Charlie Melcher: Can you just explain that for a second, so that people understand it? This was one of the largest health challenges that we face, is isolation, loneliness?
Angela Ahrendts: Yeah, yeah, and the first thing people will say, “It's technology.” It has nothing to do with technology. If anything, technology has helped offset it a bit by having people feel connected. It has to do with, we've become a real smart society, so we're having fewer children. Those children were born in suburbia. They're now moving into the Nashvilles, the Austins, right? They want to go into where the energy is. And the divorce rates of people over 50 are the highest they've ever been. I can keep going, but you have all these different factors. So that was one thing, and we said, “How could we help? How could we encourage connection,” if you will? “How could we introduce people to one another when they were coming in to attend a Today at Apple session?”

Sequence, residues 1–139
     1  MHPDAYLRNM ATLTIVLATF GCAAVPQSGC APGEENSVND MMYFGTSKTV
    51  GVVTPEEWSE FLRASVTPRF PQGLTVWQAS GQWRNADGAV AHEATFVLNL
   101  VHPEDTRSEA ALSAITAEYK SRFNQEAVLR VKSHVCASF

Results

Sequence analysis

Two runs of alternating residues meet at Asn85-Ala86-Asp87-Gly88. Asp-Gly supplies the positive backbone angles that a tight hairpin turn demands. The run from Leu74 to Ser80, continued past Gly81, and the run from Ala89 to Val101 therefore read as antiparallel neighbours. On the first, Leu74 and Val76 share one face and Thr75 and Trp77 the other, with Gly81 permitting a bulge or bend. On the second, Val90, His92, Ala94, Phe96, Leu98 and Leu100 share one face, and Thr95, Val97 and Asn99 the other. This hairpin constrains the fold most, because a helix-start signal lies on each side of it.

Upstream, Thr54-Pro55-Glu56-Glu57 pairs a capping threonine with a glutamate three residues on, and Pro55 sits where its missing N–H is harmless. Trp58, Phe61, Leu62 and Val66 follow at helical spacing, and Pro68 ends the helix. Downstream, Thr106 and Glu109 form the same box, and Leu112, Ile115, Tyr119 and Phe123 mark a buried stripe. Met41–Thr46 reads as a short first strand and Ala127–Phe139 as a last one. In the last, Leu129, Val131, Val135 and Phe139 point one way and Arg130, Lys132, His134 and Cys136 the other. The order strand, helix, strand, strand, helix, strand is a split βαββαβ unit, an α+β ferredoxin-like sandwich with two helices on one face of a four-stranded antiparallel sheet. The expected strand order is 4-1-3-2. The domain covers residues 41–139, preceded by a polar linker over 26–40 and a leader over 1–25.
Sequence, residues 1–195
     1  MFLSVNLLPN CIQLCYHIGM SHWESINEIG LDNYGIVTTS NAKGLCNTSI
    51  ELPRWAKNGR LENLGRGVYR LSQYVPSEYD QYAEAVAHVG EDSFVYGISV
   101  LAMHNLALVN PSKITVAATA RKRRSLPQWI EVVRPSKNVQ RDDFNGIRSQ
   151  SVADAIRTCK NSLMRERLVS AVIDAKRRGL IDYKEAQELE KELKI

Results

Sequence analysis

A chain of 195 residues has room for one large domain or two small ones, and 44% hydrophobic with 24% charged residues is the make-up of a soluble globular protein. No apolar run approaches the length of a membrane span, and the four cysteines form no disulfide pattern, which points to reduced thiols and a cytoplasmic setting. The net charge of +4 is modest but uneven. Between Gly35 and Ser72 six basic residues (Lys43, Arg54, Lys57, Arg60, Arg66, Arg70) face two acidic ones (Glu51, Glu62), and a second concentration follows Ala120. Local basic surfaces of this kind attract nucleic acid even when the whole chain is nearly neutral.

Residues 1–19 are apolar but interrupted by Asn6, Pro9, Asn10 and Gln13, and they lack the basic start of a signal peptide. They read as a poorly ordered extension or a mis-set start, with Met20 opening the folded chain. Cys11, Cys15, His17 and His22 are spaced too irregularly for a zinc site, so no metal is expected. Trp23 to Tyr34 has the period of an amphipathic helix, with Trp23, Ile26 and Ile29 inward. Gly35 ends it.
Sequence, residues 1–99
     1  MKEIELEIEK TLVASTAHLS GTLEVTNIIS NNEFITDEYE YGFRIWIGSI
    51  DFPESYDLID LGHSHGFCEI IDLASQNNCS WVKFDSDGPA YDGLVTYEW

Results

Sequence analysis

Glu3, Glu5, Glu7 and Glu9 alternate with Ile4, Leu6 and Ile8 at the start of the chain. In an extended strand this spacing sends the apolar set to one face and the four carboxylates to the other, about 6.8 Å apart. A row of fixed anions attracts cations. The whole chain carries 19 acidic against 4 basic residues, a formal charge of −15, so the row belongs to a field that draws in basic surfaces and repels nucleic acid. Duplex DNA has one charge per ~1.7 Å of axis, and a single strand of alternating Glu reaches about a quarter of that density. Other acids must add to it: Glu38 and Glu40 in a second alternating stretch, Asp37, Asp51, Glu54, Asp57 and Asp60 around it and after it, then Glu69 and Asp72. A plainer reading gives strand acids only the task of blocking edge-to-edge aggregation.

Charlie Melcher: I know another one of those factors that leads to a sense of isolation and loneliness is the disintegration of certain kinds of community activities; the old “we're bowling alone, no more church picnics,” those kinds of things. Even the town center doesn't gather people in the way it used to. Was that all part of your thinking when it comes to the stores?
Angela Ahrendts: Absolutely. Absolutely. Yeah. Like you said, no community hub.
Charlie Melcher: Right.